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Beyond Patriarchy: Sexuality and Womanhood in a Man’s World

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We live in a world that thrives on societal norms and stereotypes, and even in 2024, it can come as a shock when men and women inhabit different roles than expected. For women, the battle for sexual autonomy means challenging expectations and breaking out beyond the confines of patriarchy.

Have you ever been stumped by the riddle about a man admitted to the ICU after an accident? The puzzle explains that the surgeon on call refuses to operate, saying the man is their son. But the surgeon is not the man’s father. It may take you a moment to realise that the surgeon is the man’s mother, revealing just how deeply ingrained gender stereotypes are in social consciousness. It’s immediately and inherently assumed that each gender has a specific and immovable position in society; men are encouraged to be dominant and driven to succeed, while women are still expected to become mothers and nurturers of the family.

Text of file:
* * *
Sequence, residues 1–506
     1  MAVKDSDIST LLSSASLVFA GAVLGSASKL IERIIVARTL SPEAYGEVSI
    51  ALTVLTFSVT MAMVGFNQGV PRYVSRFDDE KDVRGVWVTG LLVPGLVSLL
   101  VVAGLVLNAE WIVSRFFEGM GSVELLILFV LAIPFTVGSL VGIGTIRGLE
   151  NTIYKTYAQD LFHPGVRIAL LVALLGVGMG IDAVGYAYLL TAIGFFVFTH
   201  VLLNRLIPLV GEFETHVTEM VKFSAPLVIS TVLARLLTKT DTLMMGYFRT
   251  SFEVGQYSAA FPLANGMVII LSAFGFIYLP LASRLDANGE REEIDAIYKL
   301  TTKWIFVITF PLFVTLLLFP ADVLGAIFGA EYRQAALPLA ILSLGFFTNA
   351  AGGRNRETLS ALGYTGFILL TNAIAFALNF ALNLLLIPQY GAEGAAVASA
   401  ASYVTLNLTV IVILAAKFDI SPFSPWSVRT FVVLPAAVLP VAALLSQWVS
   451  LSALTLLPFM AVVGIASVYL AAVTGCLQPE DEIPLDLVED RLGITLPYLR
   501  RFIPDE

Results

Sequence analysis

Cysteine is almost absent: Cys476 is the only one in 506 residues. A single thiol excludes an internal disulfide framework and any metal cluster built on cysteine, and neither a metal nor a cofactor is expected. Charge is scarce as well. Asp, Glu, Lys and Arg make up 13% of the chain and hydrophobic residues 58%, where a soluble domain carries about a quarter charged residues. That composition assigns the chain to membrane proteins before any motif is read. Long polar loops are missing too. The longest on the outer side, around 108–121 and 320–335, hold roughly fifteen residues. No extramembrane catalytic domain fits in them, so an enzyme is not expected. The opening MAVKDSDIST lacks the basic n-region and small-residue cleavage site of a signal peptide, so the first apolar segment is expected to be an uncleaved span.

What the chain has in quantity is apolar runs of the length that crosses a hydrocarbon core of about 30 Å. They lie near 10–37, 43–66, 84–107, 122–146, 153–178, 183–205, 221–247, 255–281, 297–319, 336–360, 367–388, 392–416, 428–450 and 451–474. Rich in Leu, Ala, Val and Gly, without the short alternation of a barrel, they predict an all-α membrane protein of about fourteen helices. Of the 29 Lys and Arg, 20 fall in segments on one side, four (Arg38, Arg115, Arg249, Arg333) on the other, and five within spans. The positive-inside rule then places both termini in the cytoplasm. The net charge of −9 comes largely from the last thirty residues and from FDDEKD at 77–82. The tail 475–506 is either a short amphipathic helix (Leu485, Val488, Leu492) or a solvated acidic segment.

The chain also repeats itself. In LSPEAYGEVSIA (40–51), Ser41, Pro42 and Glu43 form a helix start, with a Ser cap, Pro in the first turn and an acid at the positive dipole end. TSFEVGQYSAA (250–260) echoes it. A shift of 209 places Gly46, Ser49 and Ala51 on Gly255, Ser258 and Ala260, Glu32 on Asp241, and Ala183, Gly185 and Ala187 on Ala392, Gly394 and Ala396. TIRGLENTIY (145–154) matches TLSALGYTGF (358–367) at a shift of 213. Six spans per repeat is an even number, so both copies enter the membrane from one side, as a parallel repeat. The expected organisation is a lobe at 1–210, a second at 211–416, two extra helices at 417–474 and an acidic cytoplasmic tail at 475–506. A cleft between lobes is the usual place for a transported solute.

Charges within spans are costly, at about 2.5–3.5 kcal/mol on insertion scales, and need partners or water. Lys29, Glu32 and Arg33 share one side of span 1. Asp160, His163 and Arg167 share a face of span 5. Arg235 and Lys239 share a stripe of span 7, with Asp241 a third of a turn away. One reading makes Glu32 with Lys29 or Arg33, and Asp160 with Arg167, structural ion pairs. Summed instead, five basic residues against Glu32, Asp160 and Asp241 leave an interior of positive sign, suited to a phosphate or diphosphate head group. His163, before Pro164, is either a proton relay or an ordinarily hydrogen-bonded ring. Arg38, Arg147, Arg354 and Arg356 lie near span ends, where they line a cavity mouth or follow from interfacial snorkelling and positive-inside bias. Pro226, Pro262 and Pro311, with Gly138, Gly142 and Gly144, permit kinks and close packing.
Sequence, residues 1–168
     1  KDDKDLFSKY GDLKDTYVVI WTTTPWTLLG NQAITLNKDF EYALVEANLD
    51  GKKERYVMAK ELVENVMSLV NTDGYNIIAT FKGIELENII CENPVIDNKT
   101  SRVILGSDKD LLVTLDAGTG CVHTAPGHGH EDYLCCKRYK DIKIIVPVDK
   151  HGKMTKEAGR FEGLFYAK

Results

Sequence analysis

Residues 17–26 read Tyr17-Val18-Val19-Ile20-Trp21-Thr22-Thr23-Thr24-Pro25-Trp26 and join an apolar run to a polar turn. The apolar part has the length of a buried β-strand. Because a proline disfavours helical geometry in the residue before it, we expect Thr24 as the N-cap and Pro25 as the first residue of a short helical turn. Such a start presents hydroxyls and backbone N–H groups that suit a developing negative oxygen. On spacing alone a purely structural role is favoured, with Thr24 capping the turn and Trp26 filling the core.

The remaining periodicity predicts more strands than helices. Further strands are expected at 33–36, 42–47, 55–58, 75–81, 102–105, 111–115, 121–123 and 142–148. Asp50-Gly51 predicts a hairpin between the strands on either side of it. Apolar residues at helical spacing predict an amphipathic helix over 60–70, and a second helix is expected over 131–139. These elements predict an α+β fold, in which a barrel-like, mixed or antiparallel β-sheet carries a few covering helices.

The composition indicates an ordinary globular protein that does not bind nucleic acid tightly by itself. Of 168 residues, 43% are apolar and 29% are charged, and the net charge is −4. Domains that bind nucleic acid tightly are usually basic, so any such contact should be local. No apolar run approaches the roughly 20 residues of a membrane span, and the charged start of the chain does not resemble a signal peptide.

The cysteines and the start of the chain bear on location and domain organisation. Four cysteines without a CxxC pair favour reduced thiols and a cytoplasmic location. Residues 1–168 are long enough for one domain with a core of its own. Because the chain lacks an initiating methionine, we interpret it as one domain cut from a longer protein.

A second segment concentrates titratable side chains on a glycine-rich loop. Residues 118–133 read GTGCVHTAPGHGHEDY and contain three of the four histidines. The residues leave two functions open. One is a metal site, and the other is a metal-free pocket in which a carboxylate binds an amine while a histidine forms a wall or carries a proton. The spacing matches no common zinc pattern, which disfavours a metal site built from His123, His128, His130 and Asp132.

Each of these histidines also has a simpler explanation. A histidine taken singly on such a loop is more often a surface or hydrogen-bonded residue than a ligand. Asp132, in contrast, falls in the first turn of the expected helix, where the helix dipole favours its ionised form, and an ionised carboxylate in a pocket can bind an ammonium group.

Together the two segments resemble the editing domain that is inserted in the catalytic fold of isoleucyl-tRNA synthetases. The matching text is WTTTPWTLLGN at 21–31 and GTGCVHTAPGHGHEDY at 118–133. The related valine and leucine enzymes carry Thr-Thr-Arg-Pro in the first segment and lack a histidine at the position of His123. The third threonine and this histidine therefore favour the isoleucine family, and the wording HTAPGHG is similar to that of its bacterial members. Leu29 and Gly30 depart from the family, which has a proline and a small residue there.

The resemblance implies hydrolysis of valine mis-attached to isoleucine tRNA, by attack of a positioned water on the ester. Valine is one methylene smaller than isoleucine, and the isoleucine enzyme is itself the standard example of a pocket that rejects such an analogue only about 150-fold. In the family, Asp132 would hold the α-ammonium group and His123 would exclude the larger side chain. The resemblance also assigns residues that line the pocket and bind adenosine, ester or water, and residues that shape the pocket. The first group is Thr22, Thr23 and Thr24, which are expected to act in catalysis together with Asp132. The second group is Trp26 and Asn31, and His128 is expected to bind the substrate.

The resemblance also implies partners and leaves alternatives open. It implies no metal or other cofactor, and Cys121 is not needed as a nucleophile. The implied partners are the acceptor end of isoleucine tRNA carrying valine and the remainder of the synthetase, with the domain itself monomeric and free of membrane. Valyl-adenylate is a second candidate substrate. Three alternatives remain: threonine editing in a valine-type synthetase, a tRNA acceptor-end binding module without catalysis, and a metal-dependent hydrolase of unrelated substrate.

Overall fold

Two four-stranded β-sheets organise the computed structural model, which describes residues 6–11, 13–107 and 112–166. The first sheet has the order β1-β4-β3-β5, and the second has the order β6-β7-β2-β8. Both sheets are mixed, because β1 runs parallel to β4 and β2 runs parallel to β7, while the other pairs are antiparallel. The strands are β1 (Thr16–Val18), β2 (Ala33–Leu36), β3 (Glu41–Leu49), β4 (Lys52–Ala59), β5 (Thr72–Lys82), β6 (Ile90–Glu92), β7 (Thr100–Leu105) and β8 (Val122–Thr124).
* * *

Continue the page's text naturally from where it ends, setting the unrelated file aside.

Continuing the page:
For women in the modern world, breaking free of gender roles and expectations means unlearning the messages created by a patriarchal society about how women should live their lives, particularly when it comes to expressing and exploring their sexuality. From modesty and motherhood to reclaiming social status, Dr Azzopardi Lane from the Department of Gender and Sexualities at UM’s Faculty for Social Wellbeing explained to THINK what the gender expectations placed upon women in our society are and how these expectations limit their ability to explore their sexuality.

Modesty and Motherhood: Status in Reproduction